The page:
It was reversible error, when the defendant at a criminal trial offered evidence of a statement out of court by the principal witness for the Commonwealth which included a reference to a previous conviction of the witness for a crime, to exclude such reference where it helped to make the rest of the statement intelligible and the statement, taken as a whole, tended to contradict the testimony of the witness on a material issue.
INDICTMENT, found and returned on November 6, 1941.
The case was tried before Higgins, C.J.
W. G. Hollingsworth, for the defendant.
E. M. Sullivan, Assistant District Attorney, for the Commonwealth.
COX, J. The defendant was convicted on the first indictment of falsely assuming and pretending that he was a police officer and of acting as such, and on the second indictment, which contained two counts, of maliciously threatening to accuse one Sanders of a crime with intent thereby to extort money from him on two occasions. He was sentenced on the second indictment.
Sanders, who was the "chief government witness," testified to a relationship between the defendant and him which began on the evening of August 29, 1941, and ended October 7, 1941, when the defendant was arrested. The jury could have found from this testimony that the defendant, a total stranger, approached Sanders on August 29, engaged him in conversation and made indecent proposals to him, which were rejected; that the defendant said that he was a Boston police officer and was going to arrest him, but offered to let him go if he would "post a $50 bond"; that he gave the defendant $15 and was released, paying
the balance of $35 on the following day. Sanders further testified that he met the defendant by appointment eight times in the ensuing five weeks and paid him further sums of money as the result of various stories told him by the defendant; that on October 7 he received a telephone call from a person who represented himself as a brother officer of the defendant and who told him that there was a "further fine" of $25 in his case and made arrangements for him to meet the defendant that afternoon; that about three o'clock he went to police headquarters and complained that the defendant had assumed to be a police officer and had extorted money from him; that $25 in marked bills was given to him; that he met the defendant at the appointed place and had a short conversation with him in which the defendant referred to the alleged telephone conversation of his brother officer; that the marked money was not passed and that the police then arrested the defendant. The defendant, who was a witness, testified that what took place between Sanders and him was substantially different from Sanders's version. His testimony tended to show that Sanders was the mover in the formation of a friendship, which Sanders tried to develop into one of immoral relations.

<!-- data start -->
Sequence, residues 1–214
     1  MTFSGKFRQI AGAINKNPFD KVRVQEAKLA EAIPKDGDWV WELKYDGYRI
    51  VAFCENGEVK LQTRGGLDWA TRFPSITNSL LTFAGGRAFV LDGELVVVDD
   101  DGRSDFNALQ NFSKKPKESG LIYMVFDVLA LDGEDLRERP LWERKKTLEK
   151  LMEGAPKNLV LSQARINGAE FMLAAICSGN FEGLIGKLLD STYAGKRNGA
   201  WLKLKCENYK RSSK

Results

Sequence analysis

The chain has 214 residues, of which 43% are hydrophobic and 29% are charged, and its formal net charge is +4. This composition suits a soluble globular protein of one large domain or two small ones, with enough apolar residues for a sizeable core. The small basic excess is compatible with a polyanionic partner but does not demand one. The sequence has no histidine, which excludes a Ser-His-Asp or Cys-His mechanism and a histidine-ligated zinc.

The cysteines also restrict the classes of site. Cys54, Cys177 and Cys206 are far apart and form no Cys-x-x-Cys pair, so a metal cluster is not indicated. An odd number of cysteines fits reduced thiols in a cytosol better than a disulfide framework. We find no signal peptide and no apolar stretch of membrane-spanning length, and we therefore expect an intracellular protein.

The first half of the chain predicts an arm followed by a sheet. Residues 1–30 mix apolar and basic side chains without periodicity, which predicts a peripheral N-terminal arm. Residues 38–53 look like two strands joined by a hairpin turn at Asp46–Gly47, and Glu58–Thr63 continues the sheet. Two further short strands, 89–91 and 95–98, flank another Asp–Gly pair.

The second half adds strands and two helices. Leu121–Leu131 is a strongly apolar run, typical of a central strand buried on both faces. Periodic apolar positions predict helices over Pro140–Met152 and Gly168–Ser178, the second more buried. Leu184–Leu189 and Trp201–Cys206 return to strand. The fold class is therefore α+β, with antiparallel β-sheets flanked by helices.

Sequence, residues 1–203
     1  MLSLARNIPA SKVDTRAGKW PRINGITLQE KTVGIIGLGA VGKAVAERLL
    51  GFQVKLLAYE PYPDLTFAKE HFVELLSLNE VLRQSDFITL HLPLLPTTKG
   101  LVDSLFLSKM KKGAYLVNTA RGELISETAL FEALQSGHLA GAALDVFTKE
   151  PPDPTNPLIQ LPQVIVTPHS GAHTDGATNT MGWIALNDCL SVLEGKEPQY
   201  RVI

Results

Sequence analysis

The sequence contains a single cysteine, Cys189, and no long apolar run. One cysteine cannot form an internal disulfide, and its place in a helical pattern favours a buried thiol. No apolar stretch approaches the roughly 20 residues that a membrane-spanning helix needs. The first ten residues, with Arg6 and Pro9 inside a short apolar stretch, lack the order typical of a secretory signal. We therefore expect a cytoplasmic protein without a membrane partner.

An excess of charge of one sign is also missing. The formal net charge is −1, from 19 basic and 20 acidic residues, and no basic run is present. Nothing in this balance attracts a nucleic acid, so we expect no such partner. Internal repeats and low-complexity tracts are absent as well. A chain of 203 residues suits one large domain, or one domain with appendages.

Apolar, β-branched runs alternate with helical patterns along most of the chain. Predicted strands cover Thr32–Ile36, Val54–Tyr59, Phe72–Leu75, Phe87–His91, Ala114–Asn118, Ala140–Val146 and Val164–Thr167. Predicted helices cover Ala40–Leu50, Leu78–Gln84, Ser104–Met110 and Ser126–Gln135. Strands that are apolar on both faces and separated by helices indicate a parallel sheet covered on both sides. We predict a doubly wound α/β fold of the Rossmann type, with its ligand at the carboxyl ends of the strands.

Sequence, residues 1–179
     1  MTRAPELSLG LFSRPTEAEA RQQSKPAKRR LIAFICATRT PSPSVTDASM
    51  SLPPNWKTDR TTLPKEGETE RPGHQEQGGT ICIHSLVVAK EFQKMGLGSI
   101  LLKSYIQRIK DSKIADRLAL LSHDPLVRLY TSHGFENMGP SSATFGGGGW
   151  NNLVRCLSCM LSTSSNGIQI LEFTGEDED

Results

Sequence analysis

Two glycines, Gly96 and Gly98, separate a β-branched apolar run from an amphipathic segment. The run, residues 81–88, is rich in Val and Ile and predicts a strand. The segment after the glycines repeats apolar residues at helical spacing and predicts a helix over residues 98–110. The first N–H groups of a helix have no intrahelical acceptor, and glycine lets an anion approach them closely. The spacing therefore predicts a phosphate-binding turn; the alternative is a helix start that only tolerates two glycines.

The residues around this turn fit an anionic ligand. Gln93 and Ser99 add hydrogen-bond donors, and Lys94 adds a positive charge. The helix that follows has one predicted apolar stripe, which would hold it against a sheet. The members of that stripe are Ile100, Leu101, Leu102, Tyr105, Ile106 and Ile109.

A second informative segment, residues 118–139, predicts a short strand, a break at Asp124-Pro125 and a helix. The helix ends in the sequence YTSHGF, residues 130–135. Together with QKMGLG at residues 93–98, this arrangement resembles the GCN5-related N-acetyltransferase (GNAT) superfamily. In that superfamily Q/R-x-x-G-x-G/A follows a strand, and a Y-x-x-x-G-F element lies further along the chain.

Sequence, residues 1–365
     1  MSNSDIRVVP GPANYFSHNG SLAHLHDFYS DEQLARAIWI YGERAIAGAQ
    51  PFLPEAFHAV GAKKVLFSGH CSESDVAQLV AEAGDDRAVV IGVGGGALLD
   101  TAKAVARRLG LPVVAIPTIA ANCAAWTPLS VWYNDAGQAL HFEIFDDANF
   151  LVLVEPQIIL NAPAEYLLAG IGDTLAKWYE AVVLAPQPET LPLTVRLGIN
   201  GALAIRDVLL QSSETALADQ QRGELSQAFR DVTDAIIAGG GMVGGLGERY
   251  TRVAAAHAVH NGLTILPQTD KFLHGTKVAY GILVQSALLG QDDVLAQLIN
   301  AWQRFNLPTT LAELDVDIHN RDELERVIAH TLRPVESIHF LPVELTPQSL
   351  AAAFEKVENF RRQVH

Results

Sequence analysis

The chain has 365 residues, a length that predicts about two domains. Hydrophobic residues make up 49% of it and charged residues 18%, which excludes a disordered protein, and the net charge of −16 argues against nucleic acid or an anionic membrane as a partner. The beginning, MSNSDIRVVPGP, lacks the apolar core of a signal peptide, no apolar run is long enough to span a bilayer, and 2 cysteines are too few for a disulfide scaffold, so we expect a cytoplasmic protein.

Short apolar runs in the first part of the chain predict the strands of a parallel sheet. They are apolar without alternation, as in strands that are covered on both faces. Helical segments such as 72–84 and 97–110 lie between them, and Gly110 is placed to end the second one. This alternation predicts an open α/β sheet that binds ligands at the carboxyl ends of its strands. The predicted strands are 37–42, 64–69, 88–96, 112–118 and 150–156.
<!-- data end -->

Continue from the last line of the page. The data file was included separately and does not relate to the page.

In cross-examination, Sanders was asked if he did not say to the defendant on October 7: "I'm sorry I have to do this to you Bill, but it's either me or you; I got a 9-month suspended sentence once before for picking up a fellow in the subway." Upon objection, counsel stated that the defendant would testify that there was this conversation at that time and that he was offering it "to establish a prior inconsistent statement by . . . Sanders so as to impeach his credibility." The district attorney stated that this was an indirect way of getting in a criminal record that was otherwise inadmissible, and the question was excluded subject to the defendant's exception. On direct examination of the defendant, the trial judge instructed him that he was not to testify to the alleged conversation "in respect to the portion that related to the alleged suspended sentence of nine months of the complaining witness Sanders." But the judge, "however, did not deny the